2005 Award Recipient

Dr. Asa has a distinguished career in Medicine, and her work in Pituitary and Thyroid Adenomas and Carcinomas has clearly marked her as a distinguished academician and researcher. However, her humanity, exceptional grace to those in need of help, and an extraordinary insight into the “Healing Arts”, puts her on a level “above and beyond” the ordinary call of duty. The PNA is very proud to be able to honor the Chair of its Scientific Advisory Panel, Former President of the PNA, and exceptional co-worker with the Gentle Giant Award for 2005.

Dr. Asa is the Medical Director of Toronto Medical Laboratories and Pathologist-in-Chief at the University Health Network, a Professor in the Department of Laboratory Medicine and Pathobiology at the University of Toronto. She received her medical and post-doctorate degrees from the University of Toronto and completed her internship in internal medicine at Toronto General Hospital and the University of Toronto. She received her residency training in pathology at Mount Sinai Hospital, St. Michael’s Hospital and the Toronto General Hospital, all affiliated with the University of Toronto. She subsequently was a research fellow in the Department of Pathology at St. Michael’s Hospital and the University of Toronto.

Shereen Ezzat, M.D., FRCP(C), FACP
Professor of Medicine & Oncology
Head, Endocrine Oncology Site Group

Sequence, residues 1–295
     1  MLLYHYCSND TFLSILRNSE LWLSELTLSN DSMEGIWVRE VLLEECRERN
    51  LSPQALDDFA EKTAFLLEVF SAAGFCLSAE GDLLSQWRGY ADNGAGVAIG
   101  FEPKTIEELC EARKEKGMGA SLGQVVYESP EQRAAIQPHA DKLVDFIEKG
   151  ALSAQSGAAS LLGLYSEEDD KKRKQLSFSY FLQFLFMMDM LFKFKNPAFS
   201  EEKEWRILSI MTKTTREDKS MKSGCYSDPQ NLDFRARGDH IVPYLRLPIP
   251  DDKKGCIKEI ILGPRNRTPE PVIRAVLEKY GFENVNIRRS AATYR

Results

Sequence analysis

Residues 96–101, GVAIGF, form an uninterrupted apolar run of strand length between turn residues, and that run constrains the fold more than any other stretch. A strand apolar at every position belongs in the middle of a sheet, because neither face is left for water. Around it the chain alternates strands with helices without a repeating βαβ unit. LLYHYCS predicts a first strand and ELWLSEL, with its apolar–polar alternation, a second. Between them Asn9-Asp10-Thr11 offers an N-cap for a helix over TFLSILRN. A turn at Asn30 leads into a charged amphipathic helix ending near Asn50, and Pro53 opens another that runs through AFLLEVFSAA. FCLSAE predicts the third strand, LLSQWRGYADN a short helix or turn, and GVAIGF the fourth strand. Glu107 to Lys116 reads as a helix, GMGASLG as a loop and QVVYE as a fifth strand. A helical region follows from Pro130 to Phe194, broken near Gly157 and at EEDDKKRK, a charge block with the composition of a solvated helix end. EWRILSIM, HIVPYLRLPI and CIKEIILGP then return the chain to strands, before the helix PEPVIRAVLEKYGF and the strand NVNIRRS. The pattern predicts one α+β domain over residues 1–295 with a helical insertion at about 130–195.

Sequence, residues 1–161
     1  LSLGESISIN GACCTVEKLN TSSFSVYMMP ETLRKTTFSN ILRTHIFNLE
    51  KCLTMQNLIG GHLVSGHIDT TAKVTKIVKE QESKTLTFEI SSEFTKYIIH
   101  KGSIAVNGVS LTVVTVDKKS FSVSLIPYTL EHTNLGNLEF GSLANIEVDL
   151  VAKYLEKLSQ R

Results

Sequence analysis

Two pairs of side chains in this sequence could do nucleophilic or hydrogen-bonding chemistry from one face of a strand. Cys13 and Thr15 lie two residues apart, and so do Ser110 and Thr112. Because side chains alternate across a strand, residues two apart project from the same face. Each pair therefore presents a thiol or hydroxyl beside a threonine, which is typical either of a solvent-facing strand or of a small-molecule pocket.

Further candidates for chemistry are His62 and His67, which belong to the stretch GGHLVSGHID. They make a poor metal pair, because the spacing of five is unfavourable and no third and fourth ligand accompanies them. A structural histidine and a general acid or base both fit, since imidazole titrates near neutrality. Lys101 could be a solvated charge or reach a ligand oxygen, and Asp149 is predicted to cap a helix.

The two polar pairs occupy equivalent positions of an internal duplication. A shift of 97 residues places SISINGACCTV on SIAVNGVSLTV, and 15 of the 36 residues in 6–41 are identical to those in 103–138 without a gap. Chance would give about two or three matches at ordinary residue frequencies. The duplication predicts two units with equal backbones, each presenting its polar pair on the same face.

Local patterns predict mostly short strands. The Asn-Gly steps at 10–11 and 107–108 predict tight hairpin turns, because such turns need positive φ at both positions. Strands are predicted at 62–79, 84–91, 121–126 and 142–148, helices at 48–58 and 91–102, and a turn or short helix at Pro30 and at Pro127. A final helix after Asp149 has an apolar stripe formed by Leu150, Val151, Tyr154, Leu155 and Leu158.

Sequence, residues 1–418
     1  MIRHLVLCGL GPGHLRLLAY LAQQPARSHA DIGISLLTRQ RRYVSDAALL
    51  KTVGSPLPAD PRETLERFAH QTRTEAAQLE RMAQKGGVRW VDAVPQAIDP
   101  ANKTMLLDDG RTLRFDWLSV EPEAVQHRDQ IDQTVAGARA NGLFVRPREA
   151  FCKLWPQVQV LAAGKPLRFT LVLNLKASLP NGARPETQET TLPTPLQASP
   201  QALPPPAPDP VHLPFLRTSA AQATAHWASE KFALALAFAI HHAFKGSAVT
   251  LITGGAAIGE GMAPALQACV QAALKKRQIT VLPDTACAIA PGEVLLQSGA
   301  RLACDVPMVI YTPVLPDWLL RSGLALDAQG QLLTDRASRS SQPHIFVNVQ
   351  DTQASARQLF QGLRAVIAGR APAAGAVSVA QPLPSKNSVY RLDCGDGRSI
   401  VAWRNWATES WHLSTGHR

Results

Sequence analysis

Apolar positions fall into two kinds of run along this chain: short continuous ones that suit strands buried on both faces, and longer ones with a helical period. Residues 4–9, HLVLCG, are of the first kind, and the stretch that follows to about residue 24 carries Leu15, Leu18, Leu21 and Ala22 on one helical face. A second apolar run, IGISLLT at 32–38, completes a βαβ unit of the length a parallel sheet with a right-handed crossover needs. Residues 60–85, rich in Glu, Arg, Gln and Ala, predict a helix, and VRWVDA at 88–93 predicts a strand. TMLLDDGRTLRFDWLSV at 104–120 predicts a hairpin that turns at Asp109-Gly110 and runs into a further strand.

Princess Margaret Hospital,
University Health Network
2005 Award Recipient

Dr. Ezzat for the past 15 years has not only become a valued and highly respected member of the Pituitary Endocrine Community with his many contributions to research, medical literature and knowledge, but also a “Guiding Light” for the Pituitary Network Association. As our “Editor in Chief” for these 15 years, a prolific and most gifted communicator and teacher, he has enriched the lives of patients, world-wide. He has become a friend and sounding board to a large number of patients and PNA staff members, always generous with his time and knowledge. We are honored to know him and proudly proclaim him a “Gentle Giant” for 2005. His past service as President and his current service on our Scientific Advisory Panel are deeply appreciated.

Dr. Ezzat obtained his medical degree from the University of Manitoba, completed his residency training at the Univiversity of Toronto, Mount Sinai Hospital, and his post-doctoral research training in molecular oncology at Cedars-Sinai-UCLA School of Medicine in Los Angeles.

Dr. Ezzat has authored or co-authored more than 180 original research articles and 30 invited review articles, and he has delivered more than 100 invited lectures. He supervises undergraduate, medical, and graduate students, as well as postdoctoral fellows. He teaches a number of courses, including physiology, biochemistry, developmental biology, and endocrinology.

Dr. Ezzat serves as an Editorial Board member for a number of journals including Endocrinology, Journal of Clinical Endocrinology & Metabolism, Journal of Endocrinology, Endocrine Practice, and BMJ-Endocrine. He is a regular reviewer for the New England Journal of Medicine and the Annals of Internal Medicine.